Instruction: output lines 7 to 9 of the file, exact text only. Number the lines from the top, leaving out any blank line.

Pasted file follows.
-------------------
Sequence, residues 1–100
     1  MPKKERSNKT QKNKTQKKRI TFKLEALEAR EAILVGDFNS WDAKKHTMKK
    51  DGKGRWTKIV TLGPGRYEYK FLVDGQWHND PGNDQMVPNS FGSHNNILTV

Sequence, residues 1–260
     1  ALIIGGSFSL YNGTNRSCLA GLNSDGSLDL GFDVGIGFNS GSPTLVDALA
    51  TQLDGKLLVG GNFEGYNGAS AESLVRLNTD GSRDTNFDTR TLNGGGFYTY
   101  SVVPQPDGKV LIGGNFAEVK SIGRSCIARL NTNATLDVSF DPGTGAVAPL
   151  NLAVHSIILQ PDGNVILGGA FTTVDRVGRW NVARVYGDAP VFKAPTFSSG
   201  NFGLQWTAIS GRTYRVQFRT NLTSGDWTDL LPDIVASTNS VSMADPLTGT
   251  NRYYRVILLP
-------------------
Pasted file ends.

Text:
   101  SVVPQPDGKV LIGGNFAEVK SIGRSCIARL NTNATLDVSF DPGTGAVAPL
   151  NLAVHSIILQ PDGNVILGGA FTTVDRVGRW NVARVYGDAP VFKAPTFSSG
   201  NFGLQWTAIS GRTYRVQFRT NLTSGDWTDL LPDIVASTNS VSMADPLTGT